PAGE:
Eyes Turn To Lieberman, Reid, Snowe As Most Crucial Health Reform Players
Bloomberg reports that Sen. Joe Lieberman's "independence (is hindering) Democrats' health-care end game."
"While Lieberman still aligns himself with the Democratic caucus, his threat to block health legislation 'as a matter of conscience' shows a growing willingness and confidence to stand on his own, analysts say. ... Lieberman can influence the outcome because no Republicans have offered to support the overhaul measure from Reid, a Nevada Democrat. Lacking Republican allies, Democrats need all 60 members of their caucus, which includes Lieberman and Independent Bernard Sanders of Vermont, to bring the measure up for a final vote."
On the government-run public option plan, he told Bloomberg: "'I have no other choice,' Lieberman said in an interview with Bloomberg News. 'I have to use the right I have as a senator to stop something I think will be terrible. I really want to vote for health-care reform.'" Some say Lieberman's stance "reflects his ties to home-state insurers, say critics who protested outside his Washington office Nov. 10" (Gaouette and Salant, 11/16).
Roll Call profiles Majority Leader Harry Reid ("The Ultimate Closer") who has "emerged as the central player in President Barack Obama's push to enact health care reform this year" and has 16 blurbs on the major players in health care reform (Drucker, 11/16). See the full list of profiles here.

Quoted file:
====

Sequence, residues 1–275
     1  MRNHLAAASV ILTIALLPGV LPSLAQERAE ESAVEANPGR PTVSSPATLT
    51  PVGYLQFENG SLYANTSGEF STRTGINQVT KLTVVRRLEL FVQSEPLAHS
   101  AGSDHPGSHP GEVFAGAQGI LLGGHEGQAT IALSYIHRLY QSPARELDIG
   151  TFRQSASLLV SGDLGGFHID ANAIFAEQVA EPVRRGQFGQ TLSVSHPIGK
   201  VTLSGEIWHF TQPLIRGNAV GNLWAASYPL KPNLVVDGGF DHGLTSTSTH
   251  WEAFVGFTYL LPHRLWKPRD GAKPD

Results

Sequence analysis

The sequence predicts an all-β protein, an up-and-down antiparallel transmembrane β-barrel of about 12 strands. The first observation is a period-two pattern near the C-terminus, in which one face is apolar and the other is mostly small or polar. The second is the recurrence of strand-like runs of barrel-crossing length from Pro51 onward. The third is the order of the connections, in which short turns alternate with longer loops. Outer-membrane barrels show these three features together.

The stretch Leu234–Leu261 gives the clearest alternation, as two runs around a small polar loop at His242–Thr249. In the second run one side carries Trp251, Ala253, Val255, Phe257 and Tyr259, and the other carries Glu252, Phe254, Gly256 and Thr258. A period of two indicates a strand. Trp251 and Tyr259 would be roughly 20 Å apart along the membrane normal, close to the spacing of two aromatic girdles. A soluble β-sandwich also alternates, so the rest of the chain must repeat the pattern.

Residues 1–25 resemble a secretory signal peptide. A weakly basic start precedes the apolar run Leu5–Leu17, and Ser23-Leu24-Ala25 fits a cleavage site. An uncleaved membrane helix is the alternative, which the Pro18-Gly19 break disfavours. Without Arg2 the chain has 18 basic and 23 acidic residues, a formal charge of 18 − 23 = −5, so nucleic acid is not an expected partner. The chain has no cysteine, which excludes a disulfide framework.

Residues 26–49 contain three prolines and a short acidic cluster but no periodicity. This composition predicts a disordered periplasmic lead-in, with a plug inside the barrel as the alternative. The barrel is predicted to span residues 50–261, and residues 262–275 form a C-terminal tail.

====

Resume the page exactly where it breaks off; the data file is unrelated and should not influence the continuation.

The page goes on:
In a separate story, Roll Call profiles Republican Sen. Olympia Snowe, whose "support will be crucial in crafting a more moderate compromise bill that ultimately is expected to emerge in the coming weeks." She is keeping both sides guessing at what her final decision on reform will be (Murray, 11/16).
In Virginia, Sens. Mark Warner and Jim Webb are making their voices, the Richmond Times-Dispatch reports. "Virginia's two senators are expressing concerns about costs - in the expense of individuals' premiums and the rising federal deficit. While both are open to the idea of a public option, it's not their priority" (Meola, 11/15).